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I am trying to understand the following code in this answer regarding Möbius transformation:

(* Projection from the sphere to the plane *)
stereo = Compile[{{xyz, _Real, 1}, {XYZ, _Real, 1}}, Module[{
     r = Sqrt[(xyz[[1]] - XYZ[[1]])^2 + (xyz[[2]] - XYZ[[2]])^2],
     theta = ArcTan[(xyz[[1]] - XYZ[[1]]), (xyz[[2]] - XYZ[[2]])]},
    {(r (1 + xyz[[3]]))/(1 - XYZ[[3]] + xyz[[3]]) Cos[theta + Pi] + xyz[[1]],
     (r (1 + xyz[[3]]))/(1 - XYZ[[3]] + xyz[[3]]) Sin[theta + Pi] + xyz[[2]], 0}]];

I have read the documents for the functions Compile and Module, but still cannot figure out how the code works.

Could anyone elaborate the following?

  • What does {xyz,_Real,1} do and what does xyz[[1]] mean?

    [Added:] In the document for Compile, it is said that

    Compile[{{x1,t1,n1},…},expr] assumes that xi is a rank ni array of objects, each of a type that matches ti.

    But what is 1 in {xyz,_Real,1}? If it means rank 1, then why later it is written that xyz[[1]], xyz[[2]], xyz[[3]], which suggests that xyz is an array?

  • How do Compile and Module work together to give the definition of a function?

  • What is the formula for the function that this code is really defining? What is the input and what it is the output?
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  • $\begingroup$ Part and Compile will pretty quickly help to explain your first bulleted question. $\endgroup$
    – ktm
    Feb 13, 2017 at 20:07
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    $\begingroup$ Be sure to always read under "Details and Options" on documentation pages. You can select [[ and press F1 (or Command-Shift-F) to see what it is (it's array indexing). The formula is exactly as written there, just substitute in r and theta from the first part of the Module. xyz in this case is a three-element real array representing a 3D vector with x, y, z components. $\endgroup$
    – Szabolcs
    Feb 13, 2017 at 20:07
  • $\begingroup$ @Szabolcs: Thank you for your comment. I'm slowly learning things and I might come back later with my own answer. I would like to leave the question undeleted (if it is not a very stupid trivial one :-)). $\endgroup$
    – user664
    Feb 13, 2017 at 21:13
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    $\begingroup$ Rank 1 is an array, you're thinking about rank 0 which is a point. Rank 2 is a matrix, etc. Module does the same thing inside Compile as it does outside Compile. $\endgroup$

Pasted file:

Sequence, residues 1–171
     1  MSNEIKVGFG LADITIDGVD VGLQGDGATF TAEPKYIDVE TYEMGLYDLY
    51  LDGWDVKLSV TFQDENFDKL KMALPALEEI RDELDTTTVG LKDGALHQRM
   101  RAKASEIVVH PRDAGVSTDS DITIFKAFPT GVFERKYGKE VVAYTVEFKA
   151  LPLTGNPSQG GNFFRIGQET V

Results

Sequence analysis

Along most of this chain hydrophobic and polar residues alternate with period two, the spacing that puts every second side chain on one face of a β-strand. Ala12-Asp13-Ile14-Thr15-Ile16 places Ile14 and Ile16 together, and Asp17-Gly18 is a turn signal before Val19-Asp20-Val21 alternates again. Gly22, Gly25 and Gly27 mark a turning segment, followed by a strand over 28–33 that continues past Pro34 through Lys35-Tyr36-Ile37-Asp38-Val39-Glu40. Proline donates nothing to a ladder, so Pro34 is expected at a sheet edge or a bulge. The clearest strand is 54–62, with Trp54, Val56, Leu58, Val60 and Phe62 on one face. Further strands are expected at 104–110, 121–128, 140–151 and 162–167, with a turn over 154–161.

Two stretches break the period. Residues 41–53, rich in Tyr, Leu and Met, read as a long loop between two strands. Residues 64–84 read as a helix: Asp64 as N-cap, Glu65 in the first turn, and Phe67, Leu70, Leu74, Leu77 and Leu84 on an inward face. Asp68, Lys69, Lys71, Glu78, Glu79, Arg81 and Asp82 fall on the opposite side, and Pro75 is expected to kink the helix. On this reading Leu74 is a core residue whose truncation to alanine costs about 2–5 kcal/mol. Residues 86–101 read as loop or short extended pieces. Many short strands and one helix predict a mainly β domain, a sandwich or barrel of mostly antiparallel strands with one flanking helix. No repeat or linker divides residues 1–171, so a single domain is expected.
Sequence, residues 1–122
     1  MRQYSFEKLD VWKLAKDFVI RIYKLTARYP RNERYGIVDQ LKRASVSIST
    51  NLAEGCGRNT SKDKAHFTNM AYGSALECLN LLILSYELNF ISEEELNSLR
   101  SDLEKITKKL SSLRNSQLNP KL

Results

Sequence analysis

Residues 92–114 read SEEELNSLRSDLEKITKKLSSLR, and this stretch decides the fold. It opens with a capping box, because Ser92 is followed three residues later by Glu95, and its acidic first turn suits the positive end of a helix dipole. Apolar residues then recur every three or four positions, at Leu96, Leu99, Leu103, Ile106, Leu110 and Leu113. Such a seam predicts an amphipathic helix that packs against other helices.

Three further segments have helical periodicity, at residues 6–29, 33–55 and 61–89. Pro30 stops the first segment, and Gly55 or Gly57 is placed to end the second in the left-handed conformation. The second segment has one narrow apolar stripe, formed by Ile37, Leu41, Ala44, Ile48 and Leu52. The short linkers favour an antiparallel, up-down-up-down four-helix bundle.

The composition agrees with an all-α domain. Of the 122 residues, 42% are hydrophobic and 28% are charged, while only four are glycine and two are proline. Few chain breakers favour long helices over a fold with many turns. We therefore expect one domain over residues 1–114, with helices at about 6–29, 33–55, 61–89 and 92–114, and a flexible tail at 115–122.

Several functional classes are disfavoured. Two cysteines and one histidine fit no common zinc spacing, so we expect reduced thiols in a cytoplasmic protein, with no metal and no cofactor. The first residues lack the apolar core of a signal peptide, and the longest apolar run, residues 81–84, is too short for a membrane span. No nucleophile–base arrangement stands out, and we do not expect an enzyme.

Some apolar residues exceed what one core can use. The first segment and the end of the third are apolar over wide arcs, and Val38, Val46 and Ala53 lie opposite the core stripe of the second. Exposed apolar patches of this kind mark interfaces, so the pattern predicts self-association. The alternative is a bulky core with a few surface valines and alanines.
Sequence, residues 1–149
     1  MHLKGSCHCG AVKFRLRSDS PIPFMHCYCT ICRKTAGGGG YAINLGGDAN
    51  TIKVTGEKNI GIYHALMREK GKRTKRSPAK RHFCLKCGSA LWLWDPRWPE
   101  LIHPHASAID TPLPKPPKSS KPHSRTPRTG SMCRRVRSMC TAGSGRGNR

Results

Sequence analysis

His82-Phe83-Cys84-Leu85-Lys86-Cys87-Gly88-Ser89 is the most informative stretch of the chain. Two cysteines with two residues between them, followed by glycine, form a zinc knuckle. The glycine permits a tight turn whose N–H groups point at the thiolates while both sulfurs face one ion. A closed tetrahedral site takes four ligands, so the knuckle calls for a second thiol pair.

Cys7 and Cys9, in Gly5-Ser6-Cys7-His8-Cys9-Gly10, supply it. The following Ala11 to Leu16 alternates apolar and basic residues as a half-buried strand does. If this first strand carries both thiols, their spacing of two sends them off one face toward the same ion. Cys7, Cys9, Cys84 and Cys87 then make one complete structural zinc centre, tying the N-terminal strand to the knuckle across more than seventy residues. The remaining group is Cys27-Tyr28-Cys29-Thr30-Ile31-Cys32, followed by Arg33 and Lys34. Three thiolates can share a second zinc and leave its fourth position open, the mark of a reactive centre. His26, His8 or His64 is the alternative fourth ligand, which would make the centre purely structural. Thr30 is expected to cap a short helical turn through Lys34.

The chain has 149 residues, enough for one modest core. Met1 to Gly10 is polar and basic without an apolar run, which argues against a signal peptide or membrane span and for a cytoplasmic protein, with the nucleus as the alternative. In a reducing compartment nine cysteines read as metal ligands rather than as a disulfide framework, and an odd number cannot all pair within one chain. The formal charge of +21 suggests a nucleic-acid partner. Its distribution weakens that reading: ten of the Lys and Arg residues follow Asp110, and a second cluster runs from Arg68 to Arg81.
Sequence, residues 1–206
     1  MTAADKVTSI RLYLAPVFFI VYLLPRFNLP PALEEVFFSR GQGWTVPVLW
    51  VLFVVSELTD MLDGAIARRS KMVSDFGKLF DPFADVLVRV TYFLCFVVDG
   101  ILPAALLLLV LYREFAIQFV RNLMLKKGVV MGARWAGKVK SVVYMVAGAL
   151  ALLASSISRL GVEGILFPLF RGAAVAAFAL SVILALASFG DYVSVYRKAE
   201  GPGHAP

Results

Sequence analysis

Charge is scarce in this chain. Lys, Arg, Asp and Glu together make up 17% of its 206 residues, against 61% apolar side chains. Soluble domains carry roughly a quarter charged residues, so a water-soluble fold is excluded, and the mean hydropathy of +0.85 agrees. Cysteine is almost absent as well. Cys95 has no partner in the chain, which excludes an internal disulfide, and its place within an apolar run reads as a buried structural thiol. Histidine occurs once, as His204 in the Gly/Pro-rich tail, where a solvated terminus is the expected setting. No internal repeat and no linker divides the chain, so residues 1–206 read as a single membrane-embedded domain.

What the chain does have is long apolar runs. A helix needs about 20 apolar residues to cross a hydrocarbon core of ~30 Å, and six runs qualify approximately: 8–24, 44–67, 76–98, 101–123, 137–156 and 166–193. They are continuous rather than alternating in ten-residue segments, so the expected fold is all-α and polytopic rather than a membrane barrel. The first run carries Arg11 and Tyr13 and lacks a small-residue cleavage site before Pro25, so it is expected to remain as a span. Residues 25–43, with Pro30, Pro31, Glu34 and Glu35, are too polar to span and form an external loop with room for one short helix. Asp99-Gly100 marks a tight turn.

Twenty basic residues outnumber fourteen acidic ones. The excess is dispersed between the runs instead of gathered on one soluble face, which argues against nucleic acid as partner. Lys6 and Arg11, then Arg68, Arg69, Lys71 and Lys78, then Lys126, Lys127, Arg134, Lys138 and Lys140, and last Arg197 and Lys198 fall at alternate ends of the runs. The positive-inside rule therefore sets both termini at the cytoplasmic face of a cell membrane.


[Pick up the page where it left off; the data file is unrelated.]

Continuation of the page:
– C. E.
    Feb 14, 2017 at 2:19
  • $\begingroup$ @C.E.: the rank is indeed confusing at first. Thanks for pointing that out. $\endgroup$
    – user664
    Feb 14, 2017 at 2:29

1 Answer 1

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  • As the document says,

    Compile[{{x1,t1,n1},…},expr] assumes that xi is a rank ni array of objects, each of a type that matches ti.

    Hence, {xyz,_Real,1} means xyz is a rank 1 array of "real numbers". Since xyz is a vector, xyz[[1]] means the first component of xyz. Therefore, if xyz={2,4,3}, then xyz[[1]]=2.

  • The expr in Compile[{{x1,t1,n1},…},expr] is given by the block of Module, a simple example of which for seeing how it works could be

    f=Module[{r=x,theta=y},{r,theta,r+theta}];
    
  • Here is how the function really works. Given $x=(x_1,x_2,x_3)$ and $y=(y_1,y_2,y_3)$ in $\mathbb{R}^3$, the output of the function is $$ \bigg(\frac{r(1+x_3)}{1+x_3-y_3}\cos(\theta+\pi)+x_1, \frac{r(1+x_3)}{1+x_3-y_3}\sin(\theta+\pi)+x_2,0\bigg) $$ where $$ r:=\sqrt{(x_1-y_1)^2+(x_2-y_2)^2},\quad \theta:=\arctan\frac{x_2-y_2}{x_1-y_1}. $$

    The coordinate of the center of the sphere $S$ is given by $x=(x_1,x_2,x_3)$ and the radius of the sphere is $1$. This makes sense since the output of the function is of the form $(R\cos\psi+x_1,R\sin\psi+x_2,0)$, which implies that $x_1,x_2$ are the first two coordinates of the center of the sphere.

    On the other hand, $y=(y_1,y_2,y_3)$ is the coordinate of a point on the sphere. The output of the function gives the coordinate of the "sterographic projection" of $y$ (the intersection of the line (which goes through $y$ and the north pole of the sphere) with the complex plane). When $x=(0,0,0),$ the function coincides with the one defined in Wikipedia.


One needs to be careful with the definition $\theta$ since in Mathematica, ArcTan[x,y] is different from the function $\arctan\frac{y}{x}$. For instance one has in Mathematica ArcTan[1,1]=$\frac{\pi}{4}$ and ArcTan[-1,-1]=$\frac{-3\pi}{4}$. This is why $\theta+\pi$ instead of $\theta$ is used in the output of the function. For the sake of a function, one could define $\theta$ as the angle of the vector $(y_1-x_1,y_2-x_2,0)$ with the $X_1$-axis and replace $\theta+\pi$ with $\theta$ in the output of the function.

In the code, one could replace theta = ArcTan[(xyz[[1]] - XYZ[[1]]), (xyz[[2]] - XYZ[[2]])] with theta = ArcTan[(XYZ[[1]] - xyz[[1]]), (XYZ[[2]] - xyz[[2]])] and theta + Pi in the Cos and Sin functions with theta.

Having not checked it though, I think one can simply replace Cos[theta+Pi] with XYZ[[1]]-xyz[[1]] and Sin[theta+Pi] with XYZ[[2]]-xyz[[2]] so that one does not need to introduce the variable theta at all.

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